Goat: I’m gonna get into my warm bed and read this new book I got for Christmas... Or instead of doing that I might go out in the cold and stay up late with strangers who are fighting and throwing up, so I can stare at the clock at 11:59 pm and pretend that midnight changes everything.
Rat: (donning a pair of gag glasses fashioned into the numeral 2017) You left out the funny glasses.
Goat: Oh look, it’s bedtime.
-Pearls Before Swine by Stephen Pastis
Ah, New Year’s Eve --- as seen through the delightfully acerbic cartoonist Stephen Pastis.
I have to say, I’m with Goat on this one. (Not, I hasten to add, that I’m really ever with Rat, whose misanthropy is exceeded only by his egocentric arrogance. Hilarious to watch from a fictional perspective, not so much if you have to actually deal with a Rat-type character in real life.) I’ve never really been into heavy duty celebrations of New Year’s Eve. It just seems so... so... arbitrary --- one of the most pointless celebrations our culture has. The earth made it around the Sun, yes. One more time, yes. But January 1st looks remarkably similar to December 31st when you look around.
If we’re looking at new beginnings, New Year’s just doesn’t seem to me to quite fit into the same category as, oh, let’s say, an academic graduation from secondary or post-secondary schooling; a wedding; starting on a career; the birth of a child; leaving the hospital cured from some terrible accident or illness; publishing one’s first novel. Those all seem like far more significant beginnings.
And yet, every January 1st, it’s a whole new world to many people. We make all kinds of resolutions about this next 365 days. Once in a while, we even manage to keep some of them for more than a few days or weeks.
Oh, come on, I hear you muttering, stop being the Ebenezer Scrooge of New Year’s Eve/Day. Keep it up, you miserable old curmudgeon, and Jacob Marley is going to come calling, haunting you with the Spirits of New Years’ Past, Present and Future.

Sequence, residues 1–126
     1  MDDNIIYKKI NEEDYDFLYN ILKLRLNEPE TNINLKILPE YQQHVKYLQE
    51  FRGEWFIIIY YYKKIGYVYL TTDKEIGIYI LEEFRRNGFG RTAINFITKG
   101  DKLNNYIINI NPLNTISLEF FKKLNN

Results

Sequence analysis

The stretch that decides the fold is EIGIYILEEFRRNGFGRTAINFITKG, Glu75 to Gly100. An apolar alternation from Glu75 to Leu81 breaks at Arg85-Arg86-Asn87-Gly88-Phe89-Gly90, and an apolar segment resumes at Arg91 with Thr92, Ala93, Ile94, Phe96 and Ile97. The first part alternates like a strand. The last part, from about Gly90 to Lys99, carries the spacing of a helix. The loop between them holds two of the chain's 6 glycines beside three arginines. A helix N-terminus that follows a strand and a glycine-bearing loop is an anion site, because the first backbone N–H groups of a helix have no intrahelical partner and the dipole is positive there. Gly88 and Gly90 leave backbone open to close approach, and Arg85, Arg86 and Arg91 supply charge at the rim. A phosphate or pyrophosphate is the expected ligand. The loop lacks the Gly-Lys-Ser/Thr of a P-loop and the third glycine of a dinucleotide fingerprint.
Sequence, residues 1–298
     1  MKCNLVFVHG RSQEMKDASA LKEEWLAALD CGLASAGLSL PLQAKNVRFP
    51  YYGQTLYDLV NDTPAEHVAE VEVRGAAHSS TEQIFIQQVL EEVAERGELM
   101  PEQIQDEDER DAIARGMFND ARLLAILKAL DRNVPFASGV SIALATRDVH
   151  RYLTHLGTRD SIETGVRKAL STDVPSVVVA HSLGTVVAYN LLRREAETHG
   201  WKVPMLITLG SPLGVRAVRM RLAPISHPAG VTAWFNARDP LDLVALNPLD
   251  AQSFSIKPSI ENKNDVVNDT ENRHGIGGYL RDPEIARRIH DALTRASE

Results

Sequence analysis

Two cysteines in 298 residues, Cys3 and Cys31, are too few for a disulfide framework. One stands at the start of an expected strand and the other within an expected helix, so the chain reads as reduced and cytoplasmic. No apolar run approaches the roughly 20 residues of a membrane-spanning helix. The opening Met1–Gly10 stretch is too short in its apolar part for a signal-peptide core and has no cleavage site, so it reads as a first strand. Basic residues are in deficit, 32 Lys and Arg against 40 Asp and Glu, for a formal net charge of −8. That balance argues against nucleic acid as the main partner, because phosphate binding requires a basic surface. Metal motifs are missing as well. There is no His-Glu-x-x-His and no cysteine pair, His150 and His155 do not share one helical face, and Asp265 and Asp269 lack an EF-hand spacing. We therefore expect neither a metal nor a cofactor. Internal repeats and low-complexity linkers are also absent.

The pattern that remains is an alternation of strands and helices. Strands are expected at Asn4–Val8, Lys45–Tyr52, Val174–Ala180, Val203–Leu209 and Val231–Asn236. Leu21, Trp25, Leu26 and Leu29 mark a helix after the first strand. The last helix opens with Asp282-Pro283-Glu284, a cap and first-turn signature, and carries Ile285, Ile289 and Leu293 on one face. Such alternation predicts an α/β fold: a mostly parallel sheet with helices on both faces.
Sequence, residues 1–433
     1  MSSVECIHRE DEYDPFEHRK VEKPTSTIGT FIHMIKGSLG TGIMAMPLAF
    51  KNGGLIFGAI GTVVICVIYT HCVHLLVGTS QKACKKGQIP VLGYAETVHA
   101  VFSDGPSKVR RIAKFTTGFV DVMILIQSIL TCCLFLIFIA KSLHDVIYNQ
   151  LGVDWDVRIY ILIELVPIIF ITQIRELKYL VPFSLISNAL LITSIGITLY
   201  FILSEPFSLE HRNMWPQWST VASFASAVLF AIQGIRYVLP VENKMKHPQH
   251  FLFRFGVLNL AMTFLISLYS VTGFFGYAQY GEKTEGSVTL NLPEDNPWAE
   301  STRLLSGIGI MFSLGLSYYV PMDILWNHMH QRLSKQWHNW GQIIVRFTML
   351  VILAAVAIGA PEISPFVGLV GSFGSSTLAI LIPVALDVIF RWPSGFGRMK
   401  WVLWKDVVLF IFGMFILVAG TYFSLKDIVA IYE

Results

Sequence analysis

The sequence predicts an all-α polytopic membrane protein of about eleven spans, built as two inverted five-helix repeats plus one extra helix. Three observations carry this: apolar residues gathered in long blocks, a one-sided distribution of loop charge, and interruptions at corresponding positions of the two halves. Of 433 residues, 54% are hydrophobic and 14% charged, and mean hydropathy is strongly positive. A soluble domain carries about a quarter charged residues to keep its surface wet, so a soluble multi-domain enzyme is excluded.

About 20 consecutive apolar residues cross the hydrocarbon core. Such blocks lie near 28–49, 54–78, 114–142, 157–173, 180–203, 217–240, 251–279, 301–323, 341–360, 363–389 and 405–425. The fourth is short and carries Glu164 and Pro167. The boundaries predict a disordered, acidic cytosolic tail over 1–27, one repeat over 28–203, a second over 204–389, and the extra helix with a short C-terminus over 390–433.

Actually, I will confess that I’ve been known to make a resolution here or there on January 1st, too. In the absence of any of the earth-shattering (at least to us) events I mentioned above, I do understand the need, every once in a while, of at least feeling like we’ve got a new start. A clean slate. The tabula rasa and all that. Even if it comes in the purely artificial format of one calendar year ending and another beginning. And what do I resolve?
Well... I’ve given up trying to make quantifiable resolutions that implicitly assume I’m in control of the events in my life. Because, folks, the brutal truth is, we’re not. It’s all very well to say, “I’m going to write 50,000 words a month and have Gryphon’s Awakening (the sequel to my novel Gryphon’s Heir) finished before the spring flowers are in bloom,” but the problem is, life has this rather cruelly cavalier habit of getting in the way and throwing all sorts of slings and arrows of outrageous fortune at us, slings and arrows that make a mockery of most of our well-intentioned resolutions. Which leads us smoothly into today’s OTR (Obligatory Tolkien Reference), when Gandalf tells Frodo that “All we have to decide is what to do with the time that is given us.” (And even there, we need to understand that just because we decide on a certain course of action doesn’t actually mean that we will be able to carry it through.)
Okay, you say sceptically, so what DO you resolve to do? Well, how about the thing we have control over? Our outlook on life.
I’ll try to --- and by the way, I’m sorry, Master Yoda, but there is a try. Because for virtually all of us pathetic humans, the lamentable truth is that we do not more than we do. So if we eliminate the try, we automatically condemn ourselves to failure. At least with a try, we can keep on making the attempt... and even sometimes succeed. Allow us to have our small victories, please.
Anyway, where was I? Oh, yes... I’ll try to:
Look for the positives in situations, rather than default to the negative, so that I can also laugh more, complain less.
Understand, as Jack Lewis says, that my time is really not my own.
Approach each day with compassion and patience, not getting swept up in the world’s insane hurry and irritation.
I was going to make a lengthier list, but on rereading those three things --- really rereading them --- I realize I’ve already set myself a fairly daunting task.
So maybe that’s enough to be going on with. I’ll let you know how it goes.